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Marginal cost and total cost are related in terms of the cost of production for manufacturing companies or service providers. Fixed costs and marginal variation in cost are both considered when determining the total cost, so total costs encompass marginal costs. The average total cost will generally decrease to a minimum before increasing, forming a U-shape. Marginal cost and total cost will often intersect on a graph, although marginal cost curves can take on different shapes, depending on the process.
When determining marginal cost and total cost, companies must first calculate upfront fees and fixed costs. These costs cannot be varied, and are necessary for the process to occur. Examples of these would include rent, manufacturing equipment, a minimum number of employees, or other costs that will not change with the output production. The costs will ultimately be high when compared to the marginal cost of production, but they will factor into the average total cost per unit along with marginal cost.
An example of marginal cost and total cost is in the drug development industry. Fixed cost and upfront costs are incredibly high, and they include everything from hiring research specialists to conducting experiments to purchasing manufacturing equipment to make the medications. Additional fixed costs, which contribute to the total costs, would include clinical trials, marketing campaigns, and costs involved in regulation and certification. These are often necessary for the industry to generate an income stream and do not vary based on how many units of a drug are produced.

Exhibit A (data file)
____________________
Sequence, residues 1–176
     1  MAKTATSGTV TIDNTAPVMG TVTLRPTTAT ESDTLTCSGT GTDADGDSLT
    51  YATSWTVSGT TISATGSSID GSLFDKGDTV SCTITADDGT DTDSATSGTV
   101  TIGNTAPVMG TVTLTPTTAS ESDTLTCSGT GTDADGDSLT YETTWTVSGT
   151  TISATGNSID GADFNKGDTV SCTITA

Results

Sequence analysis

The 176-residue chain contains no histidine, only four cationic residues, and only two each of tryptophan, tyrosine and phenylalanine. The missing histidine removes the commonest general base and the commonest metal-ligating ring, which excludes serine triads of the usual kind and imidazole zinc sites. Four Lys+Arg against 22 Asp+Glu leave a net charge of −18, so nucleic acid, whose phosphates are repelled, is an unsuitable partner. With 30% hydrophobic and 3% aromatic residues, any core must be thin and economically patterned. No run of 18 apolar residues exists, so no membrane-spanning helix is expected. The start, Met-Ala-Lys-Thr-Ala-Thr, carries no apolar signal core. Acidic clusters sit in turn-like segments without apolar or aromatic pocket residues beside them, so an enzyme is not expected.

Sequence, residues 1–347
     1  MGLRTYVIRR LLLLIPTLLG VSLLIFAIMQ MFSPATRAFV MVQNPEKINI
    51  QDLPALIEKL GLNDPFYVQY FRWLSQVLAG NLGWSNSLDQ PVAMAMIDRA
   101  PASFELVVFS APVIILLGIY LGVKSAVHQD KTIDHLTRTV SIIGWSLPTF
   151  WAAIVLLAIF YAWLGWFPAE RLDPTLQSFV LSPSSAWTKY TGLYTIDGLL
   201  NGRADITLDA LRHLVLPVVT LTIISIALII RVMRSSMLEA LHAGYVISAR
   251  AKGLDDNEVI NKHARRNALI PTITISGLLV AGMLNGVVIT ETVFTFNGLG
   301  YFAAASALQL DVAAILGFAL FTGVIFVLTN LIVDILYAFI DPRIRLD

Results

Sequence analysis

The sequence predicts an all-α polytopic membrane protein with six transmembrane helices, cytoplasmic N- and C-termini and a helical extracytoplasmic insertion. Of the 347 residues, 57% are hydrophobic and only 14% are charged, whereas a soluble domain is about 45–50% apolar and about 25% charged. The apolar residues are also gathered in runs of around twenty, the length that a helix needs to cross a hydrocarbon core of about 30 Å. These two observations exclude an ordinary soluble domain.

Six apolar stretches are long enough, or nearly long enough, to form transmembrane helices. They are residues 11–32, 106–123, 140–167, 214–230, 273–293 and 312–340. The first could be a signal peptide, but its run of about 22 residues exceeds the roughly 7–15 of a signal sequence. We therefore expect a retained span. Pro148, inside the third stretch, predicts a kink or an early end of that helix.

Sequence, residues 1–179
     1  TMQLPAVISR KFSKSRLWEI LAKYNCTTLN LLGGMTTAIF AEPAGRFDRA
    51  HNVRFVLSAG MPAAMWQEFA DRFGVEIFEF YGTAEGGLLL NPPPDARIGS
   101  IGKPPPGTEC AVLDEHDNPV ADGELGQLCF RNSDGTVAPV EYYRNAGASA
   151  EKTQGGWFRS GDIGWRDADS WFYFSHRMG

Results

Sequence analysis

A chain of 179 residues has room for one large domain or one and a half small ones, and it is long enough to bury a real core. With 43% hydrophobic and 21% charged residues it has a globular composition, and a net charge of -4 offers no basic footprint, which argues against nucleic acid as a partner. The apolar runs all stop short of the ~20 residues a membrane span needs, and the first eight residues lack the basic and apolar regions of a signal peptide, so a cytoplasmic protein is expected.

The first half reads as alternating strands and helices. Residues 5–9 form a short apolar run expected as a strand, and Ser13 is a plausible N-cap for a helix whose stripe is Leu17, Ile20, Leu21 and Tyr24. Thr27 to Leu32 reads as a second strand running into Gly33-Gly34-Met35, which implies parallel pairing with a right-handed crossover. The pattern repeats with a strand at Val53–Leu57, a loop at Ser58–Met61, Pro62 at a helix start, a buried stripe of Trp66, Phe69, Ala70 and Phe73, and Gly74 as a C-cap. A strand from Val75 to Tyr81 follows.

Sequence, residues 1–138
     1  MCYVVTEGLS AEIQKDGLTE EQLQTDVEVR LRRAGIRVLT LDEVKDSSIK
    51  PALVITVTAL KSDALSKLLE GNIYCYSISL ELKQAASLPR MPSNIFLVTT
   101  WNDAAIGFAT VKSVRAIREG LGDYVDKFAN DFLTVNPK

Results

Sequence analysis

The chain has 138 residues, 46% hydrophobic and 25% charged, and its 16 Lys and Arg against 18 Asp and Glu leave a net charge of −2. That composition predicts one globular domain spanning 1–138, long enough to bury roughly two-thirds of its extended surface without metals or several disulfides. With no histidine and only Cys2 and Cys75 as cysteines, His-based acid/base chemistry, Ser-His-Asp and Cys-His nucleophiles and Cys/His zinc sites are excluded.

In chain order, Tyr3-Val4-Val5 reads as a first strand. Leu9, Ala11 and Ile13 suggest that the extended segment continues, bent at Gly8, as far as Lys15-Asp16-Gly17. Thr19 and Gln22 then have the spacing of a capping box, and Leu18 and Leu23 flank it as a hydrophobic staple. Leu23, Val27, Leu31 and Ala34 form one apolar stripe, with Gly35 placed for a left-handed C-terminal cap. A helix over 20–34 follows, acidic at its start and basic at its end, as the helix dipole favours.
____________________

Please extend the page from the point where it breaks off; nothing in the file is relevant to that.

Marginal cost will likely be low for producing extra units of the drug. Once the research has been conducted, the drug has been developed, and the manufacturing equipment and factories have been created, it will not cost much at all to produce one pill. In this way, a company is able to produce large quantities of medications without drastically increasing costs. Companies take advantage of low marginal costs to recoup their high fixed costs through drug sales.
The drug development industry is an example of an industry that produces products with low marginal cost but high average total cost. Since the cost of research and development, as well as the cost of machinery, must be factored in when determining total cost, the average cost of each pill will be quite high. Low marginal costs can offset some of these high fixed costs, enabling companies to justify a higher total cost.